By Ronelyn Faith C. Vailoces
On the edge of a cliff where the tallest trees landscaped down the mountain slope, on top of a tall building where the height could have a spectator’s adrenaline rush, or on top of a moving vehicle that shows the objects as you pass by – that is the momentum when someone is tempted to grab his camera to capture the moment. Selfies can be the best way to show adventure and excitement. It could also be the reason why it could be life-threatening.
Last Jan. 5, a 19-year-old mass communication student from Adamson University lost her life when she fell from the 20th floor of a condominium while taking a selfie. In September last year, more people died because of taking selfies than encountering shark attacks. According to a research by the Washington Post, in 2015 there were at least 27 deaths because of selfie-related accidents. A simple picture-taking can take one’s life away in a a second.
The numbers of daredevil selfie accidents are caused by unprecedented danger. Most of the selfie-related deaths are due to falling. In South Africa, an American woman fell from a cliff while taking a selfie with her boyfriend. Other people have died because they were taking photos with a weapon, just like the two Russian men who took a selfie with a hand grenade and a Russian woman who shot herself in the head while capturing a self-portrait.
Not only can a selfie cause the death of an individual, it can also cause the death of a relationship. Instead of having a conversation with people and enjoying the experience, some people focus their attention on the camera. They want to capture the best photographs as of the moment and post them on social media. Why? Dr. Pamela Rutledge, director of the Media Psychology Research Center, said,”Biological, social validation is a real need and there is even an area of the brain that is dedicated to social activity.” The desire to take, to post, and to get ‘likes’ is part of human nature. The Russian Interior Ministry even released a brochure warning the public about selfies that can threaten the lives of people. An aide to Russia’s interior minister, Yelena Alexeyeva, said, “Before taking a selfie, everyone should think about the fact that racing after a high number of ‘likes’ could lead [to] a journey to death and [the] last extreme photo could turn out to be posthumous.”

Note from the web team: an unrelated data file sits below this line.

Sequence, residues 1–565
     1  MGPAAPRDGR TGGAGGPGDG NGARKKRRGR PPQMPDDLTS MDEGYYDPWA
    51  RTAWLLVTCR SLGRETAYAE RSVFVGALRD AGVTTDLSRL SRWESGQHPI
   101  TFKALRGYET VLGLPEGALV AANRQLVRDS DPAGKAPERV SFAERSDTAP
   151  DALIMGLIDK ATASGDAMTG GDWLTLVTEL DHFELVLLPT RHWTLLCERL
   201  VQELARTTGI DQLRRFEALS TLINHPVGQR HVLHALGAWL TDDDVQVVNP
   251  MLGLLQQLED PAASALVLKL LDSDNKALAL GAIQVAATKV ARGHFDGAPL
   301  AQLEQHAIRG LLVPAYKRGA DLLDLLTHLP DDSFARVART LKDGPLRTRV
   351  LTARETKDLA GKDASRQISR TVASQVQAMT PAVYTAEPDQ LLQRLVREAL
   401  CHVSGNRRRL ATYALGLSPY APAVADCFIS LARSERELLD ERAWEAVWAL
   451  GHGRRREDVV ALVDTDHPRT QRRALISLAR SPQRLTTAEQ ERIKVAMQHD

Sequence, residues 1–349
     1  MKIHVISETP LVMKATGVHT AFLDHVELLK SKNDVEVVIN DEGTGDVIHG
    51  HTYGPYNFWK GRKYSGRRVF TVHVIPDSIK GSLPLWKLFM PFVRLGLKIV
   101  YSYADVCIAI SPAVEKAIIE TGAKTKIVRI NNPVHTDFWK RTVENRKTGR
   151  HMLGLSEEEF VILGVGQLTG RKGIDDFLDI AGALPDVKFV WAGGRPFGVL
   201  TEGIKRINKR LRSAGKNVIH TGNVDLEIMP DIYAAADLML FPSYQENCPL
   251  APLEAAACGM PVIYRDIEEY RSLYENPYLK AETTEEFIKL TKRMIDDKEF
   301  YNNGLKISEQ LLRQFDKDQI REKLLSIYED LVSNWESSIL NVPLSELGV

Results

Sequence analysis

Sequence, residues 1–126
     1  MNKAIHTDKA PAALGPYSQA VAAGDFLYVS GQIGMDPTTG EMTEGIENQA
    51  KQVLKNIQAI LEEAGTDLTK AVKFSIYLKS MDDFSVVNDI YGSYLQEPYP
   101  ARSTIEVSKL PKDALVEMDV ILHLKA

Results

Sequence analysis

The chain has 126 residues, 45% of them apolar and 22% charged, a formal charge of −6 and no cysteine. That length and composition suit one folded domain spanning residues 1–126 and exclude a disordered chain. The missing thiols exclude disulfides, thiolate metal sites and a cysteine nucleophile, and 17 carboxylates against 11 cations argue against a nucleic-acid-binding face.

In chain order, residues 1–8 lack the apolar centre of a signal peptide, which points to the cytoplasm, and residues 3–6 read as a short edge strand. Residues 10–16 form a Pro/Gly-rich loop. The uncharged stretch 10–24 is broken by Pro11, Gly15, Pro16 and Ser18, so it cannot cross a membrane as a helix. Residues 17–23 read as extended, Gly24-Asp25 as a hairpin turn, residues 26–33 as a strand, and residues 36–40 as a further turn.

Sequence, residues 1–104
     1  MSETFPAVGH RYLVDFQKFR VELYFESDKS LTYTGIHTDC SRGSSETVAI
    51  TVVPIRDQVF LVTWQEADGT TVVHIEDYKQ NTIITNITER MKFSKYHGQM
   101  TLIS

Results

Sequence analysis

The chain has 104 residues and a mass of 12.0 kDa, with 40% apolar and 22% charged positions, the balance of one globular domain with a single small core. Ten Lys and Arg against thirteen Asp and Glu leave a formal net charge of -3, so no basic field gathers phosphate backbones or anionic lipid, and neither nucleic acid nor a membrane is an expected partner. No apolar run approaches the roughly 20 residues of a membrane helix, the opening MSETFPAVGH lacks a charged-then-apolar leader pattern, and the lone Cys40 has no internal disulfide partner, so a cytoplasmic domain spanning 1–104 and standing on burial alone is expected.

According to Peggy Drexler, Ph.D. a research psychologist, posting selfies can be empowering. She said that selfies can help readjust the society’s standard of what beauty is and it can also help reinforce the idea that how we look at things is still what is important.
Who doesn’t want to be appreciated? The likes people get from social media can boost self-confidence—it is innate. But a person doesn’t need the approval of anybody else to believe that he or she is beautiful or pleasing. One can’t be measured by the likes that person gets. Moments are best when we drop our cameras down and mingle with true people. Moments last when they are photographed in our memory.~